I have a beautiful daughter who I think is marvellous.

She’s in her late 30s and has just completed a master’s degree and bought her first home … on her own. She has lived overseas by herself and is very focused and capable. I’m very proud of her.

I know I will probably incur the wrath of some readers for my question but my daughter does not do herself any favours with the way she dresses or the way she lives.

She is a little overweight and the clothes she wears are not flattering. That’s her mother’s verdict too, not just mine. She doesn’t wear sleazy clothes, just clothing that is not suitable for a slightly plus-sized woman.

At home, she is quite sloppy. Dishes stack up in the sink, clothes are strewn from room to room and the worst thing is her cat. She keeps it inside and it urinates everywhere. And I mean everywhere. When you walk into the apartment you cannot avoid the strong pungent stench of cat urine. She is either oblivious to it or simply ignores it.

While I regularly admonish her for this, I am very careful about saying anything about the way she dresses. Her mother (my ex-wife) is similarly cautious. My daughter can be very defensive.

My question is this. Is there an appropriate, subtle way to raise this issue or should I just be a supportive father and ignore her lack of dress sense?

Well done for writing in and asking for guidance, and for raising such an independently minded and successful young woman. One who has bought her own home, such a hard thing to do these days. And who has travelled and studied.

But I wonder who gets to decide what’s stylish or “suitable” to wear if not the person actually wearing the clothes and living the life? Outside school, or the armed forces, surely that’s up to the individual?

I went to psychotherapist Chris Mills. He was intrigued by your line acknowledging you’d “incur the wrath” of readers. “So probably a way forward [for you] would be to think why this might be,” he added.

Mills also pointed out that you start with “saying how marvellous your daughter is but then deconstruct that. Your daughter’s marvellousness seems to be very conditional. If your daughter is beautiful, as you say she is, why would she need to present herself in a way that’s flattering?”

I would add, flattering to whom?

Mills also felt you couldn’t decide whether your daughter was “a successful and motivated mature woman, or a child. Given that you regularly admonish her, it’s extraordinary that she lets you into her apartment.”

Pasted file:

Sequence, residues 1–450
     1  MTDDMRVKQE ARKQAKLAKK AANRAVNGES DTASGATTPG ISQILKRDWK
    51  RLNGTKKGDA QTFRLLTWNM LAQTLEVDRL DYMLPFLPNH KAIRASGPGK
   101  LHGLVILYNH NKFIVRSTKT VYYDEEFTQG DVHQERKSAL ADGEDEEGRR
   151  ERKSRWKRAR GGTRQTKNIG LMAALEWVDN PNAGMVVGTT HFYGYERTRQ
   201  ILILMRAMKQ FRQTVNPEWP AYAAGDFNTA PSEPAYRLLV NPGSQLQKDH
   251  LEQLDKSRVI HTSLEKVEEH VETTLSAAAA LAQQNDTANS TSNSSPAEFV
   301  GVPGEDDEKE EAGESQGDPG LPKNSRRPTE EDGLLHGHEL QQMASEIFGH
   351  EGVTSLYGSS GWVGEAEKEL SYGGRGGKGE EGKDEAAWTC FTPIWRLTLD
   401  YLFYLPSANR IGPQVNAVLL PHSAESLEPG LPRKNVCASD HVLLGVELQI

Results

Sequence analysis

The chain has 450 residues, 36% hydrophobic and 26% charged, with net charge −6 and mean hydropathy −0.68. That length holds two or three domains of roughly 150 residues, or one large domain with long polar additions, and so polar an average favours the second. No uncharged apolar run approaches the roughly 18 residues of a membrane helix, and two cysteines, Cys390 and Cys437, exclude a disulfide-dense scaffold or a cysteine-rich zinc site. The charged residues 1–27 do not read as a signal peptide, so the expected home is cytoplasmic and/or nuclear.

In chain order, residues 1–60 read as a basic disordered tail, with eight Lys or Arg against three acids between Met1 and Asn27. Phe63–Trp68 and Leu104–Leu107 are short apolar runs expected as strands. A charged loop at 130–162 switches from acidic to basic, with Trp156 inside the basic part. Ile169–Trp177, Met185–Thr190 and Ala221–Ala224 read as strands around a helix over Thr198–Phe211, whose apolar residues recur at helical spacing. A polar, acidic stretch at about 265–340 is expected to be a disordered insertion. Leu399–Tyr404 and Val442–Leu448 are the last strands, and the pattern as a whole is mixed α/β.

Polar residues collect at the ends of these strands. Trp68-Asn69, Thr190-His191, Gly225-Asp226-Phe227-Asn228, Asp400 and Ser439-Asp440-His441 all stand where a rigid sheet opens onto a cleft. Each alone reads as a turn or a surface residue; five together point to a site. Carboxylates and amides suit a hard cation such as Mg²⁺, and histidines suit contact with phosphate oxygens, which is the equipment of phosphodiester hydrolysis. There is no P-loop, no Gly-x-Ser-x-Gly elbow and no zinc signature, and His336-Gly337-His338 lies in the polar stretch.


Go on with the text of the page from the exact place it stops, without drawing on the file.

You asked if you should “just” be a supportive father and so I asked Mills what that looked like: “It’s about learning to imagine how we are received by the other,” he said. “Someone else insisting that they know us better than we know ourselves is going to be heard as patronising rather than supportive.”

It’s challenging at times, I grant you, not to think we know what’s best for our children, even when they are adults. But children, to become successful adults, need to learn for themselves in age-appropriate ways. If they blindly acquiesce, they only grow up to then listen to the next bossy adult who comes along rather than learn to know their own minds.

Has your daughter come to you with any problems? Has she asked you for cat or fashion advice? If not, hard as this may be for you, I think your way forward is not to raise issues and just love her as she is. Because if she doesn’t see any of this as a problem, it’s not her problem at all, but yours.

“It’s good that your daughter is defensive,” said Mills, “because it means she can stand up for herself. She sounds like someone who has achieved an enormous amount. She doesn’t sound like someone who is, for example, depressed.”

I got stuck for a long time on the cat pee. That’s quite the picture you paint. But I wondered what the reality of this was? Does the cat really pee where it wants to? Cats tend to be clean animals and indoor cats like to wee in a litter box – which can certainly smell if not regularly cleaned. Unless the cat is ill, old, extremely anxious or an intact tom cat marking its territory, cats tend not to just wee everywhere. But stinky though this is, if it’s not bothering your daughter, there’s really not much you can do about it. Meet her elsewhere? She does seem to want to meet up with you and have a relationship with you. And that is, surely, something to celebrate.

Every week, Annalisa Barbieri addresses a personal problem sent in by a reader. If you would like advice from Annalisa, please send your problem to [email protected]. Annalisa regrets she cannot enter into personal correspondence. Submissions are subject to our terms and conditions.

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The latest series of Annalisa’s podcast is available here.

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